National Fisherman


NEW ORLEANS –- What's a Thanksgiving dinner without oyster dressing?
 
“Oyster dressing is one of the top things that's on our table, so consequently we have a big selection of them,” said Eddie Moreno, manager of Dorignac’s grocery store.
 
But some oystermen say their harvest is at an all-time low this year.
 
“It's 98 percent off this year. That's the lowest I've ever seen it,” said George Barisich, president of the United Commercial Fisherman’s Association.
 
Barisich believes seeing lingering effects of the BP oil disaster are impacting oyster landings. He said dispersed oil made it impossible for spat to catch on reefs, so few new oysters could grow.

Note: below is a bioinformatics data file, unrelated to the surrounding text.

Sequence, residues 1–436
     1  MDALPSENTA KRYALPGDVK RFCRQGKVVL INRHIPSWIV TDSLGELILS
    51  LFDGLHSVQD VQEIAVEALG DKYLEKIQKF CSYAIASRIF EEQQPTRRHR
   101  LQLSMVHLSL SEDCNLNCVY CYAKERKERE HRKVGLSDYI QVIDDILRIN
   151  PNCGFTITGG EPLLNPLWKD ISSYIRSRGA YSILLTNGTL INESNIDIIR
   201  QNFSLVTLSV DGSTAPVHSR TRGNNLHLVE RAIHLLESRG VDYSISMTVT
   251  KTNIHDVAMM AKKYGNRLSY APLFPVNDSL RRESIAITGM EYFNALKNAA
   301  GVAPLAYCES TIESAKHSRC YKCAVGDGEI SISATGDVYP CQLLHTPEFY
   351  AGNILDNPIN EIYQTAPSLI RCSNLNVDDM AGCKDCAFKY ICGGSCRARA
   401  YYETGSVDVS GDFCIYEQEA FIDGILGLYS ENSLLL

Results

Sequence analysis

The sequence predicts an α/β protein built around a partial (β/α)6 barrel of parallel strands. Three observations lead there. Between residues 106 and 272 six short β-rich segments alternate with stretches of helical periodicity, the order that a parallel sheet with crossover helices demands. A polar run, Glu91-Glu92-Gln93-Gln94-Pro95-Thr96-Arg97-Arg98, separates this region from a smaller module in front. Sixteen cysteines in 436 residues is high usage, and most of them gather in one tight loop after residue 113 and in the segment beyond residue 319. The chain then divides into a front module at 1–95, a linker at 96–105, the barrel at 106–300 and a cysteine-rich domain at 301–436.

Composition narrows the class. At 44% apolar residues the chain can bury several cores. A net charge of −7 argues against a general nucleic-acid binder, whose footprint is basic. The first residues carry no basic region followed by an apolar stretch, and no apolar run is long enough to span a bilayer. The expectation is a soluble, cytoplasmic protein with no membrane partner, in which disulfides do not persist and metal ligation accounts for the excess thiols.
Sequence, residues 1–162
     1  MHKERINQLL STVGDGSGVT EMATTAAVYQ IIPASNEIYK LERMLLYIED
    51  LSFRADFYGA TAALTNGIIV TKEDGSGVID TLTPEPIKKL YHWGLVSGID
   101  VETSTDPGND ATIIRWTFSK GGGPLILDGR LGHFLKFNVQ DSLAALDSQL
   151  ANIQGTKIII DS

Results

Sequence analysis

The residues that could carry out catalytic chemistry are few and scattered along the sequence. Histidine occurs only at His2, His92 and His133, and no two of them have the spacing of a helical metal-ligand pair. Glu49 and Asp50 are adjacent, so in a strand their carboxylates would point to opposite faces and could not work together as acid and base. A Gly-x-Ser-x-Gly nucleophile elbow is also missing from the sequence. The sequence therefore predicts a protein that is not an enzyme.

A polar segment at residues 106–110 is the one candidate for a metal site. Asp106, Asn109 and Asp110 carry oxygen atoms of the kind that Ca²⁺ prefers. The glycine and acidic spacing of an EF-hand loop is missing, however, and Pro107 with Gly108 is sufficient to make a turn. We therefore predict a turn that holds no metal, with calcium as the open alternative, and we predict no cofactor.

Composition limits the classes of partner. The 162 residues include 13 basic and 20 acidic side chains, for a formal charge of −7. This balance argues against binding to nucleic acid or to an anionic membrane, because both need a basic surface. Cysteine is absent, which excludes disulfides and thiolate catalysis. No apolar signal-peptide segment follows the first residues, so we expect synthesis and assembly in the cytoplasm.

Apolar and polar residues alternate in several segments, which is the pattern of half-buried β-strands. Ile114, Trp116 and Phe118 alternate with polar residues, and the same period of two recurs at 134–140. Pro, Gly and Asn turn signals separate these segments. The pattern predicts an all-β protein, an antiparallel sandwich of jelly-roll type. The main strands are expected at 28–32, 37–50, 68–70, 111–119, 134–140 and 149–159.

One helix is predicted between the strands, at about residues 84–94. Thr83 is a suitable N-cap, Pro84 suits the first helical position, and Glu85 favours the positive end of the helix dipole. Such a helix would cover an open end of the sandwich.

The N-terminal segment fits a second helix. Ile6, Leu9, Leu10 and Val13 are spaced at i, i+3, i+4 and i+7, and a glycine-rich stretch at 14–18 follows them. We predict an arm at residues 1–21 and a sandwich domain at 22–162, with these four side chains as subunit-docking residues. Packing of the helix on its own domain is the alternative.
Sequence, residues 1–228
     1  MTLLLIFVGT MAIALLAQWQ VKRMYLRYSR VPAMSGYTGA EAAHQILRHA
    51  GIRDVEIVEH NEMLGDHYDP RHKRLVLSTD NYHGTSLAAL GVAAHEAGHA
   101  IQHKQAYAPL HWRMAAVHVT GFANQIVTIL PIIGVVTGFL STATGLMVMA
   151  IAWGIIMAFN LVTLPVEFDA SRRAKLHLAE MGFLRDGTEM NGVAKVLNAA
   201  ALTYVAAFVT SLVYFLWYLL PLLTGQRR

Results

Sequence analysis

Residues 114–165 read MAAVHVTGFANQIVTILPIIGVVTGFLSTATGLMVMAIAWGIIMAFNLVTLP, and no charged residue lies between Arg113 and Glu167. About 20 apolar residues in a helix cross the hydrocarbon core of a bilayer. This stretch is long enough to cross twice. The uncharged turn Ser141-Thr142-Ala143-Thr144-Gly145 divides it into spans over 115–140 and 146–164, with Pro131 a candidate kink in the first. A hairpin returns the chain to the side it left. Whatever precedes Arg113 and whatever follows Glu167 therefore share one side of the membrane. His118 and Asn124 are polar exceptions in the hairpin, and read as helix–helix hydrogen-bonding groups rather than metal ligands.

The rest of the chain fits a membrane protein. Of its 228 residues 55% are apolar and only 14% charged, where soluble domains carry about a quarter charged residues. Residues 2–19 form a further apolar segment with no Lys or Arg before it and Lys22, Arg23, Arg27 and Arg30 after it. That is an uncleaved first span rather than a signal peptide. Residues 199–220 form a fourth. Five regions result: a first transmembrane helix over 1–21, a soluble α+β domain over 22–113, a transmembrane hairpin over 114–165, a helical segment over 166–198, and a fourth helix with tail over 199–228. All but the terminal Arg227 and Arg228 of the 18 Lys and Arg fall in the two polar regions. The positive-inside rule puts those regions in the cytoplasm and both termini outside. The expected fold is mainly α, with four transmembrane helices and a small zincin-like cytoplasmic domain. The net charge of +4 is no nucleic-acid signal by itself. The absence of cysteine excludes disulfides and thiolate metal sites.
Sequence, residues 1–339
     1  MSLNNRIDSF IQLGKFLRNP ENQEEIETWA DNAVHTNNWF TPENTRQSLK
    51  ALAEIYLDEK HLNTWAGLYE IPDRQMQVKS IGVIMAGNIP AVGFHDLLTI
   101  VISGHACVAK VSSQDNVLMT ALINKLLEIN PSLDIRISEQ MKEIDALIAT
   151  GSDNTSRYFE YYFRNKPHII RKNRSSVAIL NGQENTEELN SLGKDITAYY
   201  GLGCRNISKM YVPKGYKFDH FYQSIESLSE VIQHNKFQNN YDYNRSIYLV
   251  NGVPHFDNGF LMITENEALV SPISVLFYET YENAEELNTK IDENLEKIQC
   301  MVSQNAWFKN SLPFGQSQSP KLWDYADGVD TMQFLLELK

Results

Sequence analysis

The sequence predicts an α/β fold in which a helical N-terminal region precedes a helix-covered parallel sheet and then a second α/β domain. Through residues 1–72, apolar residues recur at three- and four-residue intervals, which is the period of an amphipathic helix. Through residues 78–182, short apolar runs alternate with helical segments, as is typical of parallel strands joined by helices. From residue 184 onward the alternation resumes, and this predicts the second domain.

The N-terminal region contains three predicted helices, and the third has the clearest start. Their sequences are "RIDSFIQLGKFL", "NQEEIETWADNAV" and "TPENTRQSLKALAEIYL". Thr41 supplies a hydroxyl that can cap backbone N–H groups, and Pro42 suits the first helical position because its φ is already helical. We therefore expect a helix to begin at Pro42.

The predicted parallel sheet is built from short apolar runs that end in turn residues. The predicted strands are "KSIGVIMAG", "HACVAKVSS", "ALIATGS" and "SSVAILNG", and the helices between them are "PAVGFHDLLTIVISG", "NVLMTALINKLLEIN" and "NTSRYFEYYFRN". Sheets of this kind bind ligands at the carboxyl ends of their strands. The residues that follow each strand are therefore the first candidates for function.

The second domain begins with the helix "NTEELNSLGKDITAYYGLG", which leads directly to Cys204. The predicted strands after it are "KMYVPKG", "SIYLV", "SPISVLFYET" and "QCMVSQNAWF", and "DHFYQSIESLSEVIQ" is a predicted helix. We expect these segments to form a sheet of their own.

“It's like a Teflon coating on my reef. My reefs are 60 years old and I have no spat catch at all,” he said.
 
Read the full story at WWL-TV>>

Inside the Industry

Ray Hilborn, a University of Washington professor of aquatic and fishery sciences, recently received the 2016 International Fisheries Science Prize at the World Fisheries Congress in Busan, South Korea.

The award was given to Hilborn by the World Council of Fisheries Societies’ International Fisheries Science Prize Committee in recognition of his 40-year career of “highly diversified research and publication in support of global fisheries science and conservation.”

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Legislators from Connecticut and Massachusetts complained about the current “out-of-date allocation formula” in black sea bass, summer flounder and scup fisheries in a letter to the U.S. Department of Commerce earlier this week.

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